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The mealtime mentor

Christopher Kimball has pasta machine envy.

Arms folded across his chest, signature bow tie crisply knotted, Kimball scrutinizes sheets of saffron tarragon pasta as Lauren Otis of the Ravioli Co. pulls them through her Italian pasta maker.

In the middle of the machine is the hopper where flour marries egg. The hopper sits above the "laminator," the part that rolls lumps of dough into smooth, thin layers. On the left side are angel hair, linguine and spaghetti cutters. On the right are molds that form ravioli.

"This is my baby," Otis tells Kimball of the machine she's had since 1989. She keeps her baby in arrested development, treating it like a newborn with a loving pat-pat when it appears shaky. Husband and partner Dwight Otis is on hand with wing nuts and other gizmos for more technical ailments.

"I'm coveting that machine," says Kimball, the founder, publisher and editor of Cook's Illustrated, a 525,000-circulation magazine that went advertising-less about 10 years ago. "I've never seen one machine that does all that."

It seems a coup to surprise Kimball, who for more than 20 years has made a living learning everything there is to know about home cooking and sharing it with readers. But culinary endeavors are his Holy Grail, and he's always gathering information to get him there.

Kimball is in Tampa to publicize Italian Classics, a book of 300 recipes exhaustively tested by the magazine's editors. He prefers to meet with print media because, he says, he can hardly teach anything in a three-minute television spot.

Kimball met us at the Otises' artisan ravioli shop on W Platt Street in South Tampa to talk about Italian cooking and cooking in general. If you've seen the PBS show America's Test Kitchen (3:30 p.m. Sundays on WUSF-Ch. 16), filmed in the kitchens of the magazine's facilities outside Boston, you've seen Kimball. His ubiquitous bow tie, preppy button-down shirt and wire-rim glasses are apt stereotypes for an exacting man who oversees other perfectionists. He and his staff cooked 35 vegetable lasagnas to find the best recipe for Italian Classics.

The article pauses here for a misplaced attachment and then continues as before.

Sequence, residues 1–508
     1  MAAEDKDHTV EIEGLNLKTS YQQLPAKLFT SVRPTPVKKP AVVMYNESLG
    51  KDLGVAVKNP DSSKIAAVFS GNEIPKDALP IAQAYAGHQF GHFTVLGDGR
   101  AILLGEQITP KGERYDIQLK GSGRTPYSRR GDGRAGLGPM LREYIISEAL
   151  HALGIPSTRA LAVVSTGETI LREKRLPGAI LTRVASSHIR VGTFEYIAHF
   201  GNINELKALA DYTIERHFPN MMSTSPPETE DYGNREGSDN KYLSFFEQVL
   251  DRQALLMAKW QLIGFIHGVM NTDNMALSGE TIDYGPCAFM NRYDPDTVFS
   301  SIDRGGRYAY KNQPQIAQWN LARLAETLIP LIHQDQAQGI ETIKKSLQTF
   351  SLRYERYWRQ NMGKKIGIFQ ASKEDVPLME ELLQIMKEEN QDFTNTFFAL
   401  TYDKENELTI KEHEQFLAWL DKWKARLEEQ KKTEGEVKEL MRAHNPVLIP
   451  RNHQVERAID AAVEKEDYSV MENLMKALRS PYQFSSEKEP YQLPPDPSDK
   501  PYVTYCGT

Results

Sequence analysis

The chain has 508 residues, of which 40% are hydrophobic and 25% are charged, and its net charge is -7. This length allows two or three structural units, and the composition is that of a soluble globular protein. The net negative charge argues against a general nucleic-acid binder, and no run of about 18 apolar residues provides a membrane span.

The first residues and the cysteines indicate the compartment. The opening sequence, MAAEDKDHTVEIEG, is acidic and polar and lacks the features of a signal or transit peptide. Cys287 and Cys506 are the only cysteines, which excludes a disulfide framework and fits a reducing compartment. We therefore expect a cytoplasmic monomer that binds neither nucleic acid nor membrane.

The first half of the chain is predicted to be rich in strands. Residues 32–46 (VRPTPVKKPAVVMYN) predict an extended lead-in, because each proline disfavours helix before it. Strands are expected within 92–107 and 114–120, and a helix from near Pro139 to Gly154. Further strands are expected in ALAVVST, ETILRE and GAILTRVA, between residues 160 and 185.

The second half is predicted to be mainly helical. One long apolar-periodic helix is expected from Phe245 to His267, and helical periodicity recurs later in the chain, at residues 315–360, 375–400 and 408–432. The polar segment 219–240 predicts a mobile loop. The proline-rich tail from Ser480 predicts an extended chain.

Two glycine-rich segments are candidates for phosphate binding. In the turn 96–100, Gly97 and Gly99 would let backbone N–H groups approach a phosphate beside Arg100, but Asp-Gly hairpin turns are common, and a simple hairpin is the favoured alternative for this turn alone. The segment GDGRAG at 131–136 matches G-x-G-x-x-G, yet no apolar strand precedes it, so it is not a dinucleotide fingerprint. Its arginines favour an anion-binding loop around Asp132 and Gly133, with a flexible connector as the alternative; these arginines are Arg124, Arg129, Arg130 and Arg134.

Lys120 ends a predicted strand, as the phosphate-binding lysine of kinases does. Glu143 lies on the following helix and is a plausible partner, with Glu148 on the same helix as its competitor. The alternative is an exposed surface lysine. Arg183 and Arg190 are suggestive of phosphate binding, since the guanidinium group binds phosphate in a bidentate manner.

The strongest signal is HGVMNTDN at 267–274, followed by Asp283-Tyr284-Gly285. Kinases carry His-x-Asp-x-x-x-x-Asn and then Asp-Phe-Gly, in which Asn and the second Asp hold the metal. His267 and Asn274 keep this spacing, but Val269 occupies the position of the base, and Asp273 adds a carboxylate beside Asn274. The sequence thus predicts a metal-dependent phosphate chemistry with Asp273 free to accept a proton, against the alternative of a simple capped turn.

The private Kimball, 51, the one who owns a gentleman's farm in southern Vermont, has a friend with a .22-caliber rifle who helped him slaughter two pigs a few Sundays ago. The small farm also supports a couple of beef cows, half a dozen chickens and a sugaring house. He grows potatoes and corn there, too. Of his four children, two show an interest in cooking.

Kimball is a keen observer of the culinary dichotomy in American cooking. On one side is the high-concept, exotic-ingredients cooking perpetuated by metropolitan food writers and celebrity chefs. On the other side is the home cook, who, other than not cooking seven nights a week anymore, hasn't changed much in 50 years, he says.

"Food got hijacked in the mid '70s by the food media," Kimball says. "Frieda (Caplan of Frieda's Finest Produce) started selling kiwis out in California, and home cooking got ignored. The New York and San Francisco media don't want to talk about home cooking."

But it's home cooking that most of us do, or need to do. That's why Cook's Illustrated goes to such lengths to show us how to peel an avocado and tell us which dried pasta is best. (Cook's tasters like Ronzoni.)

Trouble is, Kimball says, we are trying to cook too many things.

"I am a big proponent of having a limited repertoire," Kimball says. "Fifty years ago, people didn't have a great repertoire of recipes, and we cooked at home a lot more. We live in a culture where the media feels we want new things, but we really don't."

Home cooks need to understand braising (wet heat, low temperature, long time) and sauteing (dry heat, high temperature, short time) and should be able to make a soup, a simple yeast bread and eggs, Kimball says. Once those techniques are mastered, just about anything can be prepared.

He's puzzled by cooks who try a recipe once, fail and then never try it again. Learn from musicians, he says, who practice and perform a single piece countless times and can discover something new about the music, their audience or themselves each time.

"I've made biscuits 1,000 times," Kimball says. "Each time I learn something new."

There's more to cooking than following a recipe, he says. It's important to understand basic techniques and terms. When a recipe says to brown a piece of meat, most people don't brown it at all, he says. They just let it get beige.

"The fact is, most recipes don't work," Kimball says. That's because our stoves are out of whack, our equipment is wrong, and we're using a recipe for an Asian or Mexican dish for which we don't have the right ingredients.

"For instance, people think an oven is a precise instrument. It's not. It's just a box that gets hot."

In fact, 350 degrees on your oven is different from Kimball's oven, which is different from your neighbor's oven. All ovens are not created equal, and they are certainly not calibrated. Kimball says that's why it's important to understand what it means when a recipe says to take the cookies out of the oven when they are lightly brown on the edges. In your oven that might be 14 minutes; in Kimball's it might be 10. Either way, you need to know what lightly brown looks like and what it means to the final product. That knowledge comes from experience.